Law 21.200 did impose some ex-ante rules on the Convention. It established that the rules of procedure and each provision of the new constitution would be approved by two-thirds of the members of the Convention. The law also established that the Convention would have nine months to present a draft of the new Constitution to the public, a period that may be extended up to 12 months in total. In addition, it established that the Convention may not intervene in other powers of the State and must respect international treaties and judicial decisions. However, the political Agreement for Social Peace and a New Constitution established that the Convention would decide its own operating rules, which would be approved by two-thirds of the members of the Convention.
Given that the political agreement took place in a context of political crisis and social mobilization, mistrust was one of the main challenges to be addressed. Chile channeled its discomfort and mistrust through a constituent process characterized by the inclusion of new actors and citizen participation in an innovative institutional framework provided through the constitutional reform. However, there were two aspects that generated concern and questioning: the two-thirds rule to approve the rules of procedure and constitutional provisions – which was associated with the institutional obstacles that accompanied the political democratization of Chile since 1989 – and the fear that the more traditional political groups would capture the process.
The rules of procedure of the Convention: A test for building trust
The drafting and approval of the Convention’s rules of procedure was the first proof that the new constituent body could issue a regulation agreed upon by a majority (and in some cases two-thirds) of the delegates, and within a reasonable period.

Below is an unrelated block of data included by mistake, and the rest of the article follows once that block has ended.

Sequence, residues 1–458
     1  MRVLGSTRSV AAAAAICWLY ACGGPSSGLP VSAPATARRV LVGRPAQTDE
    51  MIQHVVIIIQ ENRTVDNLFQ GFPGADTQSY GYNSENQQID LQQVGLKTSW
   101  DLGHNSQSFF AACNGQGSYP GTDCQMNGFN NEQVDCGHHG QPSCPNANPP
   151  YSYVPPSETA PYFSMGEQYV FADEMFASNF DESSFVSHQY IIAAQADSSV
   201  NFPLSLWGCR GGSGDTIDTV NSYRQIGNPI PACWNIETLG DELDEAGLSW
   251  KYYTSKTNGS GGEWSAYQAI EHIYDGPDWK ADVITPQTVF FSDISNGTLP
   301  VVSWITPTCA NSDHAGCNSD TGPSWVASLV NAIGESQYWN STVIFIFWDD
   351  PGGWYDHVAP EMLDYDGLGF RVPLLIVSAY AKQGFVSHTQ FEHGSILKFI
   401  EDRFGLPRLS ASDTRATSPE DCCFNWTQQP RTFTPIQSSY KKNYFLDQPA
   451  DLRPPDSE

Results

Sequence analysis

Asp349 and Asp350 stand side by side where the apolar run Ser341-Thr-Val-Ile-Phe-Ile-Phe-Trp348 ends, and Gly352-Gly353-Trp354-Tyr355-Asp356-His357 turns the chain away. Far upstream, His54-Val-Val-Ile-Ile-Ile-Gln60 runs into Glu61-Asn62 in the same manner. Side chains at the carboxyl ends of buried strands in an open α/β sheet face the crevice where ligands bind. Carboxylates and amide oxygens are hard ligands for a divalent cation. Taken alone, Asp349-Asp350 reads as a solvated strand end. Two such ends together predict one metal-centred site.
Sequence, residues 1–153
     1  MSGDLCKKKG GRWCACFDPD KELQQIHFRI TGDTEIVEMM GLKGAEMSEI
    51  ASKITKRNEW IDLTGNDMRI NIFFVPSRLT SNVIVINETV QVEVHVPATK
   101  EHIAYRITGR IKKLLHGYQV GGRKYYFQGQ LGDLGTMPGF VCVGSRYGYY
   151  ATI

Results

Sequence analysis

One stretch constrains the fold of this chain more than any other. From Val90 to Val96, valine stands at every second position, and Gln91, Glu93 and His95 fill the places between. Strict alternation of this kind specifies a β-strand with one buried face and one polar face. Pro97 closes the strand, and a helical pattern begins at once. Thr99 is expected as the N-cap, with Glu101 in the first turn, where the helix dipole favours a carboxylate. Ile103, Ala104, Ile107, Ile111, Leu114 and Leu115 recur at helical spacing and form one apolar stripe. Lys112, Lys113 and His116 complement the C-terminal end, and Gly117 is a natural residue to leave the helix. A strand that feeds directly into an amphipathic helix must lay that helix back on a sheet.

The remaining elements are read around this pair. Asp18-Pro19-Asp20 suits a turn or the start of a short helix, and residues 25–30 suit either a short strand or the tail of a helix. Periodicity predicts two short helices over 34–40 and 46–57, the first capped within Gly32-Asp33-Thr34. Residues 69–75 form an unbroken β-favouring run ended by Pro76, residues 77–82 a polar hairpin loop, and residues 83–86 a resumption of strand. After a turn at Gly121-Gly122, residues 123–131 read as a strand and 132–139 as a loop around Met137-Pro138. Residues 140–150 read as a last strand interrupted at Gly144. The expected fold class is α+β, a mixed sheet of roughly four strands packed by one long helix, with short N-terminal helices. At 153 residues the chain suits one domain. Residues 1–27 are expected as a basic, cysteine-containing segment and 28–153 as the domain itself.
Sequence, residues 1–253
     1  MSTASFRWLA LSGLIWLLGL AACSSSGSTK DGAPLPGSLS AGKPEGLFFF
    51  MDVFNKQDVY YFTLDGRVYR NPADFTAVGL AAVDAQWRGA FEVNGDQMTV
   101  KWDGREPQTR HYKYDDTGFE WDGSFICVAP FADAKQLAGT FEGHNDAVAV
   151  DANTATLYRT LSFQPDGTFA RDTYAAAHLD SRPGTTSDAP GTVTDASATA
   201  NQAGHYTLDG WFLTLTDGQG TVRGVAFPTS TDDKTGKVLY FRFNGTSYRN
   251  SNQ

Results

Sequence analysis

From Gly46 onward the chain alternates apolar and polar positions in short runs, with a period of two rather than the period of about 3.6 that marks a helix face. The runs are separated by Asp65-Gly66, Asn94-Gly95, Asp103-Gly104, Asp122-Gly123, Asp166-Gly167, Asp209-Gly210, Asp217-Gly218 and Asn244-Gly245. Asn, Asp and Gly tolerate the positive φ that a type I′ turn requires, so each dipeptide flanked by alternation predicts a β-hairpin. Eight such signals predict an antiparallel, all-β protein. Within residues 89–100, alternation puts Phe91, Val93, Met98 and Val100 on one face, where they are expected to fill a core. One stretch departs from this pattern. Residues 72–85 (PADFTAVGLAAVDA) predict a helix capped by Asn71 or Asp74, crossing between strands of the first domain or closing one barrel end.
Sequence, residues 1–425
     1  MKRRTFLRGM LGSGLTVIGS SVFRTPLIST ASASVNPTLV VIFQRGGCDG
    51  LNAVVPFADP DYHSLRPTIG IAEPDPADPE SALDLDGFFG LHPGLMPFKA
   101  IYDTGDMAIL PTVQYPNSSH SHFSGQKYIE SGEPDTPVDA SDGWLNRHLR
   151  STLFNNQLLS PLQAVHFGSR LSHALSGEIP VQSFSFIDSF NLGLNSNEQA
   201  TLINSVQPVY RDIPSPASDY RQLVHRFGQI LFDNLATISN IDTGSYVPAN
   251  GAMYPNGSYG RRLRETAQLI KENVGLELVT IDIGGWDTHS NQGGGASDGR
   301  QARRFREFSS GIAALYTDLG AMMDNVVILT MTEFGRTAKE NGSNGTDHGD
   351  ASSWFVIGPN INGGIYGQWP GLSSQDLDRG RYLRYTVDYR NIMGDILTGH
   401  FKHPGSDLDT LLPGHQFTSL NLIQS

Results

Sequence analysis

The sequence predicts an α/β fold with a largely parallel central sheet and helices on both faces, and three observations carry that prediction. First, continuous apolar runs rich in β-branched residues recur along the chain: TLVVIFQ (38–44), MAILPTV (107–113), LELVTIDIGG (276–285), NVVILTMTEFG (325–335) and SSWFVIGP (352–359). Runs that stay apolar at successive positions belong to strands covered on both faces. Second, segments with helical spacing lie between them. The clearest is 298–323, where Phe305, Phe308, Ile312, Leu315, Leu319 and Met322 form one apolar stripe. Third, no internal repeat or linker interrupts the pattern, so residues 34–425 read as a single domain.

Given the changes to the electoral rules allowing independents to form a list, the requirement of gender parity, and reserved seats for indigenous representatives, no political sector obtained a majority in the Convention, nor did they achieve the numbers needed for a possible veto. This means that to achieve a two-thirds majority, delegates must negotiate and agree. To achieve this, it was established that the initial form of organization would be through provisional committees, one being the rules of procedure committee, composed of 31 members who were appointed by other delegates. Thus, it was possible to integrate the views of all political sectors, regardless of their political affiliation, and principles such as gender equity, the inclusion of indigenous peoples and social minorities, youth, the elderly, and what have been called "historically excluded groups" have been explicitly mentioned in the text of the rules of procedure.
The rules of procedure envision the inclusion of indigenous peoples and social minorities, youth, the elderly, and "historically excluded groups.”
On 12 August 2021, the first rules of procedure, on the External Allocations Committee, were approved. These rules of procedure regulate the allowances and spending of the Convention, incorporating the principles of transparency, probity, equity, and territorial participation. An External Allocation Committee was created, made up of five public officials from the following services: Office of the Comptroller General of the Republic; Council for Transparency; General Treasury of the Republic; Chamber of Deputies; and Senate. This was politically relevant, because it delineated the relationship of the Convention with other powers of the State, recognizing the role of each, and in a clear spirit of cooperation.
On 29 September, the General Rules of Procedure were approved, and at this time it was decided that there would be more than one set of regulations to deal with matters such as participation, indigenous consultation, and ethics. Important aspects in the General Rules of Procedure include the definition of the assembly as representative, with gender parity, plurinational, and autonomous. Its objective is to write a draft Constitution, and it lists 27 principles on which it will base its work. One of the controversial issues, previously analyzed on ConstitutionNet, was the endorsement of the two-thirds rule to approve the rules of procedure and each of the constitutional provisions.